Monday, December 10, 2007

He didn't die, he just moved to Sirius!!!

Consider this as a comment to RFlat's post! I just think it should be its own post because I posted Stockhausen's questionnaire last week to give a good example of a living composer of the ''old school''. When I heard in the radio that he was dead, I was first of all very surprised because he has been quite active in the public during the last year. The second thing I thought was that we really are entering a new time. The generation of Stockhausen is about to die, all those composers who made 21st century music to what most people consider noise are dead already or very old. Stockhausen went far over the top sometimes. But in my terms, he was very "authentic". I played one of his piano pieces and some chamber music, which is how I became interested in him. These works are probably his more traditional ones in terms of instrumentation and appearance. Sometimes I wished he wouldn't do such controversial events like his helicopter quartet or wouldn’t say all these offensive things, e.g. about 9/11. All in all, people were talking a lot about his curious personality, but unfortunately not about his music. This strikes me. Why do they have half an hour long documentaries on the radio with old interviews, funny episodes, but NO MUSIC? They could have played something, an excerpt from an orchestral work or one of the piano pieces.

This only enhances my theory that even people who talk about contemporary music don't listen to it. This is such a big misunderstanding, why do people feel like talking so much that they forget what they are talking about? How many of us actually listened to music by some of the composers that were mentioned in our readings? I can say for myself that I went to the Library once to listen to some Birtwistle - and that was pretty much it, because I'm lazy. Some of you could pretend that you really wanted to listen to some Lachenmann, but it wasn't in the library. That's at least an excuse.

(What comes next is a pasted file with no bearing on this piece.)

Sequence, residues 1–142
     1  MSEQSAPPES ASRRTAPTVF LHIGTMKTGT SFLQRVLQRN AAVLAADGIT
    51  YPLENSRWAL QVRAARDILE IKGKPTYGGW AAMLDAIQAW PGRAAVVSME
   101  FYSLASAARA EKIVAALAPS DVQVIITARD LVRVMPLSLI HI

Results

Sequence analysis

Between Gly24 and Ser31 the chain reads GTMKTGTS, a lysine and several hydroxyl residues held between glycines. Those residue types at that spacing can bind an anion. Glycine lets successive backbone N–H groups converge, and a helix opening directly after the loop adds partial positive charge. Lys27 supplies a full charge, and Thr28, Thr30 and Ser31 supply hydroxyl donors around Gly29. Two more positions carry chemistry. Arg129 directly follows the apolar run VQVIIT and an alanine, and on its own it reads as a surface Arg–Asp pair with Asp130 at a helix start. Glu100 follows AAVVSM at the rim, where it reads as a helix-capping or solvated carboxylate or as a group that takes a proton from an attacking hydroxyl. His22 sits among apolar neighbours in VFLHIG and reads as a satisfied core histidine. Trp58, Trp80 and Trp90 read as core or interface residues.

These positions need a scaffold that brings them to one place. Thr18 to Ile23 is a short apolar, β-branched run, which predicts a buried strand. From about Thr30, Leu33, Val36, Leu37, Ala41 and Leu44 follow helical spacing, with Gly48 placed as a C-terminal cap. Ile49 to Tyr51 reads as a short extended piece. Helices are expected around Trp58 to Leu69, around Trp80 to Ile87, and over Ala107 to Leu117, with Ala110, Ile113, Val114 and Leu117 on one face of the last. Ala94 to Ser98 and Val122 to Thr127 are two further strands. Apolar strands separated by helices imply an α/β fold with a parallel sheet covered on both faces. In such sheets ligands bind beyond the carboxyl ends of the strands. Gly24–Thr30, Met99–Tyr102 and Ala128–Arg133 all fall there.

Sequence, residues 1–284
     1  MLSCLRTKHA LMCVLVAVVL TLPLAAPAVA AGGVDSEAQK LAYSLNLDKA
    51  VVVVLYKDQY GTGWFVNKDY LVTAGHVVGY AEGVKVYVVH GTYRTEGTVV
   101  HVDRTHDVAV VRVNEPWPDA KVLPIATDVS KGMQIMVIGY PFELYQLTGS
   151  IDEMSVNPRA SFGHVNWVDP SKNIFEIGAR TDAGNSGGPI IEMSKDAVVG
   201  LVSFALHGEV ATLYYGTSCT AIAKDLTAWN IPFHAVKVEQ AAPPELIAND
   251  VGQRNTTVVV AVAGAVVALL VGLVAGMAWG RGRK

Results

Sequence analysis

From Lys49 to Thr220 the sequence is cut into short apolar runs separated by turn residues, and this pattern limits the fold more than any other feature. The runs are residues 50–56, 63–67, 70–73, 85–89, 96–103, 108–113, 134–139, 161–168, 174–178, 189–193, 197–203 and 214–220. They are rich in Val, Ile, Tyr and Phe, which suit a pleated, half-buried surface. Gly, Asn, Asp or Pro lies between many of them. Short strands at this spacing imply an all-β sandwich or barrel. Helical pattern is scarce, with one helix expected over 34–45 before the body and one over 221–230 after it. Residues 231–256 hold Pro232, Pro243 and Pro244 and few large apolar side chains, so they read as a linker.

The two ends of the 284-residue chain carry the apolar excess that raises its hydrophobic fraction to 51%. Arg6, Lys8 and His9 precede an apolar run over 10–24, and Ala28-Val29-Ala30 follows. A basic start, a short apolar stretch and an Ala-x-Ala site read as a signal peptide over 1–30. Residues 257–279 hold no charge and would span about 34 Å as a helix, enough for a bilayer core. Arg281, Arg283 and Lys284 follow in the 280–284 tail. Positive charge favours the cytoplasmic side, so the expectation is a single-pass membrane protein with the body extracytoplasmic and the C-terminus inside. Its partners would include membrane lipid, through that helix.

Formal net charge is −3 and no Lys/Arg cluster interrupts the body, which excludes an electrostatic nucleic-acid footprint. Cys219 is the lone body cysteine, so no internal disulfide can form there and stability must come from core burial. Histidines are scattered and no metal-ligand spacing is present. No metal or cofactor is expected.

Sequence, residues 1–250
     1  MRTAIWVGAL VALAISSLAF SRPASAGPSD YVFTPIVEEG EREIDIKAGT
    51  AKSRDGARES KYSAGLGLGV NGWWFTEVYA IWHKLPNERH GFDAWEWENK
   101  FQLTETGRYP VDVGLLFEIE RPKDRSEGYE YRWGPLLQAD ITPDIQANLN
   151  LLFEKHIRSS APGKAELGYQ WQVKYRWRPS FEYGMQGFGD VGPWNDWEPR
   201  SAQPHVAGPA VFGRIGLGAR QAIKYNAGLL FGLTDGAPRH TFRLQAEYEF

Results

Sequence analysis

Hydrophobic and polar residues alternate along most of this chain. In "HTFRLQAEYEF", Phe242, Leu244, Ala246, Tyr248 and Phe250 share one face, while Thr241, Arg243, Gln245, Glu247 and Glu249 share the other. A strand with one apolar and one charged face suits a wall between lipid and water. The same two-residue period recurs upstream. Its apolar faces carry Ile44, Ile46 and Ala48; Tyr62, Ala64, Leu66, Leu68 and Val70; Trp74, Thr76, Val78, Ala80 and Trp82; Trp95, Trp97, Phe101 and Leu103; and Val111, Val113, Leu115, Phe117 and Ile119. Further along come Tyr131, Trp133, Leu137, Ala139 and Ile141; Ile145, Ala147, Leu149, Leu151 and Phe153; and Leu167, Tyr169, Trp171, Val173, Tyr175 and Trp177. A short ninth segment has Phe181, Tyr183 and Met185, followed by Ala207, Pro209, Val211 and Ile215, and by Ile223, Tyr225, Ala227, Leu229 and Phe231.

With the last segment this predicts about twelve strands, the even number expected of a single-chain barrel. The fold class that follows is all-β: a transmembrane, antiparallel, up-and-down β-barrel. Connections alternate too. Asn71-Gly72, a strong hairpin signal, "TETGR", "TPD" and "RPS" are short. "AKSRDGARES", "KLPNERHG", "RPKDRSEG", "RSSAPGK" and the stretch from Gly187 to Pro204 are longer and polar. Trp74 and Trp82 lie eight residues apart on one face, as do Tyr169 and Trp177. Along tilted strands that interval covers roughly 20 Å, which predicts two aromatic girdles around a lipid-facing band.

Here is an
interview from 1999 with Stockhausen in a British magazine, which is quite interesting and also entertaining. Please don’t waste your time and read the whole thing, if you are interested in Stockhausen try to get some scores and CDs! Here is a very short paragraph:

Ben Hollings: Do you think there will come a time when the pen and paper are no longer part of the composing process?

Stockhausen: Well, I wouldn't recommend that because when working, it's not important if it's on paper or a screen where you have a light pen or something like that. What is important is that, working on paper, to take what you say means spending time, unlimited time, on composing. And if you don't use paper, you might use a monitor which is fed by a computer or whatever it is. It is necessary that the spirit of the composer can concentrate on what he sees so that his eyes can help organize it into symbols which are used for other human beings to produce the sound. (...)

As you could read in the following text, Mr. Stockhausen has moved to the star of Sirius last Thursday (that's also where he came from, of course) and will continue to compose from there for the whole universe and in eternity. And I really hope that people in two or fifty years will not only remember him in this crazy context, but also remember some of his achievements in music and sound.